The cute kids from Full House mistreating interns? Never! Collectively, heads shook with dismay. The youth of today. Bridget Foley of WWD was quick to voice what most were thinking, describing the lawsuits as “episodes of Millennial self-absorption,” both “disingenuous” and “ridiculous.”

Most of the Kent State interns are unpaid. I ask if they feel exploited in any way, but they respond no. I ask them what they learn on internship that is different from their school studies. “It seems more meaningful,” replies one. “It’s what people do for a living, rather than just some school project.” “You learn the social aspect of working,” says another, “which is as important as anything else and nothing like the social aspect of school.” One who is in the leather department of Marc Jacobs says she “never knew the knowledge needed to work with leather.” Many swatches of luxury fabric and professionally executed prints have shown up in their school projects, a result of the companies letting them raid their fabric archives. One girl is hopefully pursuing fabric sponsorship for her forthcoming final collection.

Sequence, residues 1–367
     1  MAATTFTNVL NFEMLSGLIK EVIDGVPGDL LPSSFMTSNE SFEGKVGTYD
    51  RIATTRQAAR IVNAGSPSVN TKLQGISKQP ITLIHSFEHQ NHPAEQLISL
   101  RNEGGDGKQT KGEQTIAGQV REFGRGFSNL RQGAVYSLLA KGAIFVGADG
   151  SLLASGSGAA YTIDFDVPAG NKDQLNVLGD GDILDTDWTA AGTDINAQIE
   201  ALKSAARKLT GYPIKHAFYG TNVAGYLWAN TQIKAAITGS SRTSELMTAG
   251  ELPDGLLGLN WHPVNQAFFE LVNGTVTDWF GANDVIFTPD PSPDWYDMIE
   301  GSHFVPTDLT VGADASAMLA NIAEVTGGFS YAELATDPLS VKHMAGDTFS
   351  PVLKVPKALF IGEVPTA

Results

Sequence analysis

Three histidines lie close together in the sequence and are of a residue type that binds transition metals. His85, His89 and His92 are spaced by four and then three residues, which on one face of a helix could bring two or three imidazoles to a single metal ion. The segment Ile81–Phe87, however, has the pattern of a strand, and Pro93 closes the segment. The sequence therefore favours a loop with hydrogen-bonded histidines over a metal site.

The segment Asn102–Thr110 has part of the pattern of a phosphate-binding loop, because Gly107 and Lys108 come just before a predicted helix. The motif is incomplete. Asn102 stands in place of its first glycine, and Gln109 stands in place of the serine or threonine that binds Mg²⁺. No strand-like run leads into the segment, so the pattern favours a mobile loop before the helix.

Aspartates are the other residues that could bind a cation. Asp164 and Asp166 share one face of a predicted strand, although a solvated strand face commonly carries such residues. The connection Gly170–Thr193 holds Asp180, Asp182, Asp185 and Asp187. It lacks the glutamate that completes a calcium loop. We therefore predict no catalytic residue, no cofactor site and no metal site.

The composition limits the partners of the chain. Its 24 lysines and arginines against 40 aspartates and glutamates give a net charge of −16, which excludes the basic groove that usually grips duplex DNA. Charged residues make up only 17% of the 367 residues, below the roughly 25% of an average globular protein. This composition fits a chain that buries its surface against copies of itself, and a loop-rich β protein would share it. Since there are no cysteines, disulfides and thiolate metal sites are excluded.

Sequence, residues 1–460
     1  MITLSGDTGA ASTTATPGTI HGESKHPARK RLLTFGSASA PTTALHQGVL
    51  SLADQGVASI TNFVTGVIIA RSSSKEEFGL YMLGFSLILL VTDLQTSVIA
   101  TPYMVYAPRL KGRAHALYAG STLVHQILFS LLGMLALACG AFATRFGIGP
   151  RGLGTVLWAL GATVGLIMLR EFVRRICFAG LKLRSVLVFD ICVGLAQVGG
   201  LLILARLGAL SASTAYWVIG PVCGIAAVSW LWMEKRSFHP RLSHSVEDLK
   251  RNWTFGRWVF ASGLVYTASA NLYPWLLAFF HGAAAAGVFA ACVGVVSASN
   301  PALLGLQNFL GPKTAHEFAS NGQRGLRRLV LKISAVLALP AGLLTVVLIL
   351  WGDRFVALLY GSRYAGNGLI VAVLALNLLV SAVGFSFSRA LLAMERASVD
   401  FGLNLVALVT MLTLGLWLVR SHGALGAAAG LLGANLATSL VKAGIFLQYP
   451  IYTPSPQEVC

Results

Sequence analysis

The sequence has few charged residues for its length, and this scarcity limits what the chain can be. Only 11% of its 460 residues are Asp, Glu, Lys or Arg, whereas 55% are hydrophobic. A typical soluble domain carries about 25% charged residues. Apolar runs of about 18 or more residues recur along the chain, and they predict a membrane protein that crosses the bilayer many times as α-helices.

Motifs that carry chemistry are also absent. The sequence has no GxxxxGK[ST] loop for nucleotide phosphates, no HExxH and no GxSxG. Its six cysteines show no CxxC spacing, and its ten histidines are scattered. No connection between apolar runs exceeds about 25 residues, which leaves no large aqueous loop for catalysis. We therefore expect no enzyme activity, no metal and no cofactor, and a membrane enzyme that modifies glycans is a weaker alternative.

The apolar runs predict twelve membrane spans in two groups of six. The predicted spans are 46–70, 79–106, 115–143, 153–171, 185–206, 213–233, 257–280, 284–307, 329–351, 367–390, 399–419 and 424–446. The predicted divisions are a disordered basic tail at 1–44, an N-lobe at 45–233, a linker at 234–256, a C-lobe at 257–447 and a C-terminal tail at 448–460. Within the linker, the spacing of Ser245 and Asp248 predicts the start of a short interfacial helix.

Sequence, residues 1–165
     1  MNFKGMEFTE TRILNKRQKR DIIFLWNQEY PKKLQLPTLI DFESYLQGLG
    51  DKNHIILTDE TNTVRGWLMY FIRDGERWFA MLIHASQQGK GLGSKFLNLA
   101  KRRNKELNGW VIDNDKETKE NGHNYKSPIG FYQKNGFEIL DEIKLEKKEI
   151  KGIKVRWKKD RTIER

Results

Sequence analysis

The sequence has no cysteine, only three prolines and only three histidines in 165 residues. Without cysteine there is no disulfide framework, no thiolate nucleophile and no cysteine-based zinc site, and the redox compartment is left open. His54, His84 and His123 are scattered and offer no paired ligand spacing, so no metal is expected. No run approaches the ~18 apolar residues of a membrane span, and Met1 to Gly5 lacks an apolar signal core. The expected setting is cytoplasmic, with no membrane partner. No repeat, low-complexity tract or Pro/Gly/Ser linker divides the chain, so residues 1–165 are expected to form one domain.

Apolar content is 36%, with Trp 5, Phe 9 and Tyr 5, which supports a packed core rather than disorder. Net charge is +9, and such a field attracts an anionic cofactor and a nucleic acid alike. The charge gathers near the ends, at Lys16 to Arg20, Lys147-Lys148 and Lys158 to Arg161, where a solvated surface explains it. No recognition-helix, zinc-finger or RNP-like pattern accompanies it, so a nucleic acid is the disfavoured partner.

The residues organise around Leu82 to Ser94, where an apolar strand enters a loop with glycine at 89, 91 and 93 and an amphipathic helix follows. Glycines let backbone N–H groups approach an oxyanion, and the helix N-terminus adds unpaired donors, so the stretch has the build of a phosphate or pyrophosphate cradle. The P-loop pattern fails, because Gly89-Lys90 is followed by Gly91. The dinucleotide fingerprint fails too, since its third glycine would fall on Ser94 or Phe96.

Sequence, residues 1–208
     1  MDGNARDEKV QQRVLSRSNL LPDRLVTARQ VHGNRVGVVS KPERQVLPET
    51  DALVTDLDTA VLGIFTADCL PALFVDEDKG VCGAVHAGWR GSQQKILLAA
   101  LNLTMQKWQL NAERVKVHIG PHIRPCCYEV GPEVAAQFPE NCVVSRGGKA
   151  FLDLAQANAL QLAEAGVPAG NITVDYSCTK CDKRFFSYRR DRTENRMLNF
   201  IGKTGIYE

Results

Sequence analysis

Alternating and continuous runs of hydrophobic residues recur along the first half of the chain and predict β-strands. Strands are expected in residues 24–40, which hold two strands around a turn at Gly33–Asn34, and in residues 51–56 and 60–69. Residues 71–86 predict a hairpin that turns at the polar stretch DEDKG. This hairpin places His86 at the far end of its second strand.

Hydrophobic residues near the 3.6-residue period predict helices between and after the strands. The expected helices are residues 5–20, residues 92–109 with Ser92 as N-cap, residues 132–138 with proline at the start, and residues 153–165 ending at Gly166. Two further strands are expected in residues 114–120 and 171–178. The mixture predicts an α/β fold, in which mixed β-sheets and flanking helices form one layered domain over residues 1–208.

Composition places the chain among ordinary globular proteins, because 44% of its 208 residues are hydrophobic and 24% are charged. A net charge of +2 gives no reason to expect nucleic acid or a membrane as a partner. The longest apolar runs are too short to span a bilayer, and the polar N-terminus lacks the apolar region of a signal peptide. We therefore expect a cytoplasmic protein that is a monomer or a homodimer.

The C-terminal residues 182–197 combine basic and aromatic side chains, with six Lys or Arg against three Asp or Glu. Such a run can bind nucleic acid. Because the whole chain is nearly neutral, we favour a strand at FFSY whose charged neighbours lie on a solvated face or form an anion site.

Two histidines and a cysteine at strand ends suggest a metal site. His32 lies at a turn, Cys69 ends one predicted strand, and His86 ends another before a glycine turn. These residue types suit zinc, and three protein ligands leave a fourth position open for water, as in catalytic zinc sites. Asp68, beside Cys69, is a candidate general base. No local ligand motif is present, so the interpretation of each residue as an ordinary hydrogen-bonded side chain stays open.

I recently recommended one of my graduates from the associates level program at the Art Institute for a paid internship at a just-launched contemporary company. The graduate ended up leaving after a few weeks. “They wanted me there every day and I couldn’t devote the time to it while trying to set up my own line, plus there were problems with paying me. Actually, I still haven’t been paid.” He was extremely grateful for the recommendation and continued, “I got so much out of it, though. I’ve made contacts with a couple of factories who say they might work with me, and I met an interesting designer also obsessed with upcycling like me and we might end up working together. It really opened my eyes to what’s out there.”